Evelyn Cervantes could talk lovingly all day about working for In & Out, the popular burger chain that is not only well-liked by customers, but appreciated genuinely by its employees.
Their associates start at $19 an hour, and there are all kinds of perks, she said.
There are gym memberships and cell phone discounts.
The company assists families with adoptions.
They host companywide picnics, bowling and softball tournaments. Free carnivals. Insurance for pets.
Managers make over $250,000 a year at some stores.
She flashed a jewel-laden ring given to her for 25 years of dedicated service to the company.
Cervantes has worked at In & Out for 34 years.
Some of the concepts she talked about might not have sunk in for the elementary students at Hoffer Elementary School in Banning last week, where she participated in the school’s Career Day, but her career at a fast-food company certainly sounded appealing for those fortunate enough to land a job at In & Out.
“If you read five books, you can get a free burger,” she told students in Lacey Andrews’ kindergarten class.
Cervantes told them that she eats every day at In & Out. “I eat a double-double every day for free.”
She asked them, “How many of you know about the secret menu?”
For those in the know, it can include grilled cheese sandwiches and protein shakes.
School resource officers from Banning Police Department, Sgt. Roberto Jauregui and Officer Alyssa Roebuck, fielded questions next to a patrol vehicle parked on the school’s black top.
Kids peppered them with questions, such as “What happens when you get pepper sprayed” (“You work through it”), and “What happens if someone runs a red light?”
Jauregui replied, “We’ll pull them over, probably give them a ticket, and ask why they ran it.”
One student was concerned about their welfare, wondering, “Do you get lunch breaks?”
Jauregui explained, “There’s no designated lunch break. We get 30 minutes for lunch, but it’s a working lunch, so to speak,” that might entail a drive-thru meal, eaten on the go.
In a nearby classroom Redlands artist and O’Flanary’s Emporium business owner Judy Coates told students, “I never imagined I’d become an artist,” and get paid for it.
Coates claims publication of six books that she has written, and designs patterns for the craft industry; she creates “whimsical” decorative paintings inspired by country folk art, and designs headdresses for ceremonial purposes.
She told students, “A lot of things you guys don’t realize you’re learning right now comes into play, from math to literature,” such as routine reading of instructions to counting change from a cash register.
In another classroom, Roshawn Crowder, a sous chef for the Ritz-Carlton Hotel Company, told students, “I know how to make anything your heart desires,” but he enjoys specializing in Mexican, Latin, Mediterranean, Deep South and Classical South dishes.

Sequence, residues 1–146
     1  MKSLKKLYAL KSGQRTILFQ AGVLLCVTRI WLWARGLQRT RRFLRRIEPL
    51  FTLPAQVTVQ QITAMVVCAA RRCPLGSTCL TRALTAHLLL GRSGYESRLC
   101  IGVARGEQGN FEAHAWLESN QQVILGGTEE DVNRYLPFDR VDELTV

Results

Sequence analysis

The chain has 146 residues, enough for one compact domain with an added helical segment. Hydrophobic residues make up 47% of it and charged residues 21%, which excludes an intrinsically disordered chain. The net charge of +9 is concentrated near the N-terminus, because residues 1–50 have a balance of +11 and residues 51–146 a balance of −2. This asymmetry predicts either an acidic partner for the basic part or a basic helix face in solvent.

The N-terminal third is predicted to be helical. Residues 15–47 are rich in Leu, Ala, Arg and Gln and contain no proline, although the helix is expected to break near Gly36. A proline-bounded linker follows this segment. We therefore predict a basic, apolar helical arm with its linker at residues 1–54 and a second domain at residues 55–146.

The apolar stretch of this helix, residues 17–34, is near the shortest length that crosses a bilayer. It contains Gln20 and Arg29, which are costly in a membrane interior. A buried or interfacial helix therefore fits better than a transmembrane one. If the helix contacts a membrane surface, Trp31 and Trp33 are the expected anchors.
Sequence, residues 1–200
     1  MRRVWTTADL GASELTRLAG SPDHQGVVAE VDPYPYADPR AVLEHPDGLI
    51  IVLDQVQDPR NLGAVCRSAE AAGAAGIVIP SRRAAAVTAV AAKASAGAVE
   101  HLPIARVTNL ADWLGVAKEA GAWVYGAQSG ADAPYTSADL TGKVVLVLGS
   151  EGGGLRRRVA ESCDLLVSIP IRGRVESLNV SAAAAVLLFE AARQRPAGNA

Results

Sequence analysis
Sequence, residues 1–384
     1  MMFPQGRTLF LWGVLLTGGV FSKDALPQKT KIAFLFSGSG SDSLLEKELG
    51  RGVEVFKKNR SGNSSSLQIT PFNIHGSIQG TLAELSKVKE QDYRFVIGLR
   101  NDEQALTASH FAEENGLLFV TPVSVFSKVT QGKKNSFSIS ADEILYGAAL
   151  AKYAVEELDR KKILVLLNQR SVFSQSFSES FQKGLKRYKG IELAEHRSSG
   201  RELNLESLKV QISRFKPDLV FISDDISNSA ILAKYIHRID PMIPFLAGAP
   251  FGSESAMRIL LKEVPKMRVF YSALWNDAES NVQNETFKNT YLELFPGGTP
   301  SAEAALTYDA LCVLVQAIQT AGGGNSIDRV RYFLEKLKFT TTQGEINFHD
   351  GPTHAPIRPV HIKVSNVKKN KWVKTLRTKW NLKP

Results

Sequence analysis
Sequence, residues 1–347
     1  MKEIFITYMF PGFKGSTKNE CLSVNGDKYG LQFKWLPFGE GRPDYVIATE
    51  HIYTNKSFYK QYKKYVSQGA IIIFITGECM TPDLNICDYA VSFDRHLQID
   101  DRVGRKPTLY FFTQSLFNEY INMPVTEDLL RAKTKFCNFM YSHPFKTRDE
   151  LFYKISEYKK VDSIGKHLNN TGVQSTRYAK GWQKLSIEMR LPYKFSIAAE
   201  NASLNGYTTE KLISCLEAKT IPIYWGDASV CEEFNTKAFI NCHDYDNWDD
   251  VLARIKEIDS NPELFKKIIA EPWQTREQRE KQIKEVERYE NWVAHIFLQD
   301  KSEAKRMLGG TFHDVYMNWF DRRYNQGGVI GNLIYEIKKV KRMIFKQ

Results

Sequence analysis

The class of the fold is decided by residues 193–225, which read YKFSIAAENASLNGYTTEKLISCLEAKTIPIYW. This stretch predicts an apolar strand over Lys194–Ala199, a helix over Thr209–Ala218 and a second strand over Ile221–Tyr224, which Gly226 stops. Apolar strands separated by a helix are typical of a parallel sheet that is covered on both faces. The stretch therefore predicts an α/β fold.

“I think about my loved ones when I cook,” he said, “and how it’s going to impact them. As long as you have perseverance, you can do just fine in any career.”
Crowder showed cell phone pictures of some of his creations; unfortunately he did not perform any cooking demonstrations.
“I’ve been becoming more the teacher than the chef. I know lots of techniques,” he said. “I like to play with my food. In a professional way.”
Career Day helped expose students to professions that they may not have considered, or reaffirmed aspirations they already have.
Second-grader Skylynn Justice said that her “absolute favorite” speakers were wildlife “rehabbers” from Pond Digger Ranch Rehabilitation Foundation in Cherry Valley.
According to their biographs, they are “wildlife rescue rehabbers.”
“Animals are my friends. I love animals,” Skylynn insisted. “I don’t need human friends. The speakers talked about how animals can need help sometimes, because they get let down by humans, until a good person comes along to help them.”
Fourth-grader Harley Fontes is now interested in becoming a movie producer after listening to a couple of speakers last Thursday morning. He was excited after learning about what it takes to make some of the special effects in movies.
“I liked what some producers do to make unrealistic movies, to make people what they’re not” by applying “pinballs on their body and a black suit to make them aliens,” for instance.
Harley also heard from a speaker who represented the Army.
“Military people go to this camp for two weeks to be trained to be leaders, and be the best Army you can be, or they could die first,” Harley recalled.
Of the speakers he heard that morning, the one that stood out inspired him to “want to become a film producer.”
Staff Writer David James Heiss may be reached at email@example.com, and messages may be left at (951) 849-4586 x114.
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